Sephardic Naming Patterns


Sephardic Jews, unlike Ashkenazi Jews often name their children after living relatives.


Naming Patterns

These naming patterns are generally fixed although there are a couple of rule exceptions.  The main rules are:


Children are named after the forebears.


The pattern of choosing names is rigidly prescribed


 The first son is named after his paternal grandfather


 The second son is named after his maternal grandfather


 The third son is named after his paternal great-grandfather


 The fourth son is named after his maternal great-grandfather


 Daughters are similarly named after their grandmothers and great grandmothers.


Where the custom obliges both parent and child to take the name of the same ancestor, they will share the same name.  It is quite common for a son to be given the same name as his father (or daughter as her mother).


A Posthumous son is named after his father or daughter after her mother.


The younger children are sometimes named after their other uncles and aunts.



It is NOT strictly correct that until 200 years ago Jews did not use family names. There are many families both Ashkenazim and Sephardim who retained common family names through generations. This is more particularly true off Sephardim Families or those families of Sephardic origin many of whom had family names that can be traced back many centuries all be it in slightly changed or a derived format. Certainly by the 12th Century Family names were well established in the Iberian Peninsula . It is true that many European states did force Jews to adopt family names either particular names or to take on a family names during the 18th and 19th centuries 

To clear up a matter which has led to many discussions with those who say that Jewish lineage cannot be traced because Jews used only first names, hence, no lineage. This does not happen to correspond with the facts. Documentation shows that the Sephardim had family names and this dates back to BCE. It is a fact that some names underwent a change under the impact of the persecution before and during the inquisition. Thus we find some Iberofied names, Castro, Franco, Esfuerzas, Cardoza, etc. and those taken from the names of cities Toledo, Toledano, Catalano, Leon etc. The taking of the names of their trade as family names was not a practice among the Sephardim. Names now common among the Sephardim are the same names we find in the history of the Spanish Jews 700/1492 both in our literature as well as in the archives and documents both of the inquisition as well as royal records.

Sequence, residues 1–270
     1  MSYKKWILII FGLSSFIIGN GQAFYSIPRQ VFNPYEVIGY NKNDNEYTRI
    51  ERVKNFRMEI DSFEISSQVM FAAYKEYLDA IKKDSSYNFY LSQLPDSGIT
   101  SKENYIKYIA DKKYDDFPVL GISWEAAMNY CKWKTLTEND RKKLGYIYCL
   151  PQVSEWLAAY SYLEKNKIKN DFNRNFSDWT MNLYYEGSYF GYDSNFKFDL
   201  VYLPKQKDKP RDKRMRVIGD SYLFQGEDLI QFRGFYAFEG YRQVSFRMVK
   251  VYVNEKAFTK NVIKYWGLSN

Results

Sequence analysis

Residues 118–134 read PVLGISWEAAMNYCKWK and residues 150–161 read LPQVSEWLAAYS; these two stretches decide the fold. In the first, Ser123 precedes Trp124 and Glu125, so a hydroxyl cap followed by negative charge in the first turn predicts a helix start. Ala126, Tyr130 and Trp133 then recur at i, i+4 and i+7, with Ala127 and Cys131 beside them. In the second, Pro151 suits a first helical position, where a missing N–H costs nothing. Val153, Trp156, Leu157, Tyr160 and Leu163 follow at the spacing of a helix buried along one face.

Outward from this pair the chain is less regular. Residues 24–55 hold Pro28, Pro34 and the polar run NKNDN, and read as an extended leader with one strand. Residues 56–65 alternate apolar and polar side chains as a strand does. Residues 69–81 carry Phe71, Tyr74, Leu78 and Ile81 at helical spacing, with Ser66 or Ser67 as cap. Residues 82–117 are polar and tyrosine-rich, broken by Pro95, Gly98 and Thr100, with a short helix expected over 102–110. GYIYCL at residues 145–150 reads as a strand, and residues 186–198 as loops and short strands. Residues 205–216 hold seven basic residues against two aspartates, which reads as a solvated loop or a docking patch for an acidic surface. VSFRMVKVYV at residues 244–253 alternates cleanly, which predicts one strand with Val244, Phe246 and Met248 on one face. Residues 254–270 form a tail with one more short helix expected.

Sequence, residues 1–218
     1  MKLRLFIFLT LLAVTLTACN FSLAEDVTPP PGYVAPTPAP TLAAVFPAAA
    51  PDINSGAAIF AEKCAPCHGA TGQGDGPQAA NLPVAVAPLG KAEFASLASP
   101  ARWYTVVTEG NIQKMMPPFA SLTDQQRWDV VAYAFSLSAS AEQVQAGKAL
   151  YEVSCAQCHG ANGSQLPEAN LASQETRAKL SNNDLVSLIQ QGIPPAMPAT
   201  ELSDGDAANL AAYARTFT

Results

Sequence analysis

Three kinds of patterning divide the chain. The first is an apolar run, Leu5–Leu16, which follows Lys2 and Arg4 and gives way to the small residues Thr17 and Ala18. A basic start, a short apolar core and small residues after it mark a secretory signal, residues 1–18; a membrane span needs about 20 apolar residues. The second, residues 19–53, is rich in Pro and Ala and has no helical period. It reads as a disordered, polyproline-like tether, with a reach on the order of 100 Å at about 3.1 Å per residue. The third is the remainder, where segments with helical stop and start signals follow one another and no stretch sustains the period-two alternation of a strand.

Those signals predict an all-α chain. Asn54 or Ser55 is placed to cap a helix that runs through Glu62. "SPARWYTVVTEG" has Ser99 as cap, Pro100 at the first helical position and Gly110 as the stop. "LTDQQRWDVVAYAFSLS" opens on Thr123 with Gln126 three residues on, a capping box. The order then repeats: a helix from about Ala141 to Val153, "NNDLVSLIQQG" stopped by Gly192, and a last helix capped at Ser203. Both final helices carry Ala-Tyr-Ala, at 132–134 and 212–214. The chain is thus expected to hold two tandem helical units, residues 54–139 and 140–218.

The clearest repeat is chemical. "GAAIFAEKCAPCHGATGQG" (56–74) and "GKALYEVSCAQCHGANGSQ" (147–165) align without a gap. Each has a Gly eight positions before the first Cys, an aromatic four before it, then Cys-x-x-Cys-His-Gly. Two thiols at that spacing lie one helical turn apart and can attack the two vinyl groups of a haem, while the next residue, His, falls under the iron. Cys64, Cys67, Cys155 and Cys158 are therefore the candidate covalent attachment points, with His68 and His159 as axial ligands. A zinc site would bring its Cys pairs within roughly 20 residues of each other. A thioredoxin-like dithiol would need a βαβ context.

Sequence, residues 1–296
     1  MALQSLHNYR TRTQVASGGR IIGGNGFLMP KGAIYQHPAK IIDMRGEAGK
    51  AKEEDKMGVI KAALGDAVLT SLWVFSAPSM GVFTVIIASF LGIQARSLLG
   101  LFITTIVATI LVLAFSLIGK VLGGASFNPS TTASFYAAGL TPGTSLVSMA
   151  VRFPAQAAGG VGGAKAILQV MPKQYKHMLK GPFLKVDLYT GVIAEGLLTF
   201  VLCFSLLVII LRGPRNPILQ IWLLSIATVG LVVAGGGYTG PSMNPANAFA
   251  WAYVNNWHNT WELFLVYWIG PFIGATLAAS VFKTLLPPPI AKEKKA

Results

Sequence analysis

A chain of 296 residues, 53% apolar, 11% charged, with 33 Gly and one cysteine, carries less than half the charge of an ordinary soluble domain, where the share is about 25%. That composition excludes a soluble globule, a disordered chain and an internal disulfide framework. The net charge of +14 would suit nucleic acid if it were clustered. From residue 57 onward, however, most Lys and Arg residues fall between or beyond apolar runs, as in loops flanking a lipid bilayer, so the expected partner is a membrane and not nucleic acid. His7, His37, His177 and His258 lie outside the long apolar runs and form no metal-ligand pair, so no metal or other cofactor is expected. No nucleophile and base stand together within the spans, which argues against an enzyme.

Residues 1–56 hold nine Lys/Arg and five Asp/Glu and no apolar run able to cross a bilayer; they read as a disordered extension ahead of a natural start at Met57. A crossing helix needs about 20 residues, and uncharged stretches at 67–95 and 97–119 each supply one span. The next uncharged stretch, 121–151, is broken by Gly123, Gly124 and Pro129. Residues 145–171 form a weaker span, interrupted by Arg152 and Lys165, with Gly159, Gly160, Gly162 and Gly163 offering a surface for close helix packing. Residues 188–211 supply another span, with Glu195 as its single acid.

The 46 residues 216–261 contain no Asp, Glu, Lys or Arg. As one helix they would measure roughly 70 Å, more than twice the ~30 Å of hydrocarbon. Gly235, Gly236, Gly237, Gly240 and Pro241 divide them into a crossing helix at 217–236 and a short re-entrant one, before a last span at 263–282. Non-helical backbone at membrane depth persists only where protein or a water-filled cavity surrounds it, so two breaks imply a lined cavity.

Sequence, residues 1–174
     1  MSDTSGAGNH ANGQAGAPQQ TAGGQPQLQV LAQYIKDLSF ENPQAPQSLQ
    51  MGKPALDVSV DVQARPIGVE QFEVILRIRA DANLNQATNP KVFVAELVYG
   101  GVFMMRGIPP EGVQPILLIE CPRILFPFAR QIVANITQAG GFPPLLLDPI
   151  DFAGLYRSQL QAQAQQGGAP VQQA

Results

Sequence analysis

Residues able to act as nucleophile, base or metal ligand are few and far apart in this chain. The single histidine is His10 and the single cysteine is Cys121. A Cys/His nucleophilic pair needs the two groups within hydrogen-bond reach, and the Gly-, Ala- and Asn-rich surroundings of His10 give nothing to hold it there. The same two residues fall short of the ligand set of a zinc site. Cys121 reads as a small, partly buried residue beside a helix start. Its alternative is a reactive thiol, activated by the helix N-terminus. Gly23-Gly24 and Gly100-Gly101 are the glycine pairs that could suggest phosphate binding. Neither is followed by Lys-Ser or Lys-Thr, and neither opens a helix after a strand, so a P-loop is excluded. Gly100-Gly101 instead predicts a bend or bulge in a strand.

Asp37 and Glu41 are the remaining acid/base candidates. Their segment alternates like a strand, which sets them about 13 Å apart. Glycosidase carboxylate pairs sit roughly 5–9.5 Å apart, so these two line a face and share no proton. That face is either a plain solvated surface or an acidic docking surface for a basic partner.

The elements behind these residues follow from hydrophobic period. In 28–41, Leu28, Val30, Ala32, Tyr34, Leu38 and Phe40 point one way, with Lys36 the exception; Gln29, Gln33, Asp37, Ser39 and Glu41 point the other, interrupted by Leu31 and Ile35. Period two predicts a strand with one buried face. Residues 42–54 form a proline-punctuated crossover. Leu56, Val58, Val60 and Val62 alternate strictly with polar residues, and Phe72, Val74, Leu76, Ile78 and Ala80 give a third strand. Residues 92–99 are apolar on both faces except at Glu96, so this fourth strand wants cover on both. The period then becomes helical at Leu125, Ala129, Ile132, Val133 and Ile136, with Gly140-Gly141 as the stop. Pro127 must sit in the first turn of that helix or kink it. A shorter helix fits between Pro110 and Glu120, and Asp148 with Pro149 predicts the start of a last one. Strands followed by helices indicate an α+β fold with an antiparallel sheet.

What's in a Name?

SEPHARDIM: While Sepharad means Spain in Hebrew, the term Sephardim encompasses all of the Jewish people who follow the Sephardic rituals and customs. Now days Sephardim are regarded as Jews from the Middle East and Arab countries, whether they originated in Spain or not.
In fact only a small percentage of Sephardim are descendants of those who lived in Spain. While Spanish Jews refer to themselves as Sephardim they also refer to themselves as Spanish Jews. Greek, Italian, Moroccan, Yemenite, etc., Sephardim have lived in their respective countries (some dating back to B.C.E) usually speaking the language (or a dialect of the language) of their country and their customs and culture in the main are native to those countries. The one exception among all Jews are those pertaining to our religious practice, (with some differences.)

After 1492 as the Spanish Jews were dispersed to many lands, the local Jews of those countries where they went were attracted to the highly cultured and upbeat lifestyle of the Spanish Jews and sometimes adopted it as their own (including in some cases Ladino).


Arising from a Hebrew word meaning "German" it has taken on a broader definition that includes not only German Jews but those of Central and Eastern Europe and Russia as well. Refers to Jews of Central and Eastern European origin

PROBLEMS OF TERMINOLOGY: The only language that is common to all Jews is Hebrew and it is the only one that can be properly called the "Jewish" language.

The practice of referring to "Yiddish" as "Jewish" is Iwrong as if "Ladino" speakers were to refer to Ladino as "Jewish". Both "Yid"-dish and "Jud"-esmo translate into English as "Jewish". Further complicating and compounding this is the habit (to Sephardim offensive) of referring to Ashkenazic food, language, music, culture, etc. as "Jewish" instead of Yiddish.

There is an interesting article in the Transactions of the Jewish Historical Society of England (JHSE) written by Edgar R Samuel "New Light on the Selection of Jewish Children's Names".